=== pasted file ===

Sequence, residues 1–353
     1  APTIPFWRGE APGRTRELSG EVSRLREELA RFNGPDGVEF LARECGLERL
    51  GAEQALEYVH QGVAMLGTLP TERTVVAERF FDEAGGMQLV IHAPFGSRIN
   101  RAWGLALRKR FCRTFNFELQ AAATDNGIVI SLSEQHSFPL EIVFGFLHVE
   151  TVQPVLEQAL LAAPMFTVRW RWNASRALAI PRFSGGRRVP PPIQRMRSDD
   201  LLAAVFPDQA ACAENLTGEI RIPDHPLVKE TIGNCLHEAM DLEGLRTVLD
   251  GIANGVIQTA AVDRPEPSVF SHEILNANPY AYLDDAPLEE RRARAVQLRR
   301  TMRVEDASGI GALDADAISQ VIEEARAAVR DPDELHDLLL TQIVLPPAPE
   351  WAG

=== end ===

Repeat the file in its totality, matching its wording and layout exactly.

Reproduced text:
Sequence, residues 1–353
     1  APTIPFWRGE APGRTRELSG EVSRLREELA RFNGPDGVEF LARECGLERL
    51  GAEQALEYVH QGVAMLGTLP TERTVVAERF FDEAGGMQLV IHAPFGSRIN
   101  RAWGLALRKR FCRTFNFELQ AAATDNGIVI SLSEQHSFPL EIVFGFLHVE
   151  TVQPVLEQAL LAAPMFTVRW RWNASRALAI PRFSGGRRVP PPIQRMRSDD
   201  LLAAVFPDQA ACAENLTGEI RIPDHPLVKE TIGNCLHEAM DLEGLRTVLD
   251  GIANGVIQTA AVDRPEPSVF SHEILNANPY AYLDDAPLEE RRARAVQLRR
   301  TMRVEDASGI GALDADAISQ VIEEARAAVR DPDELHDLLL TQIVLPPAPE
   351  WAG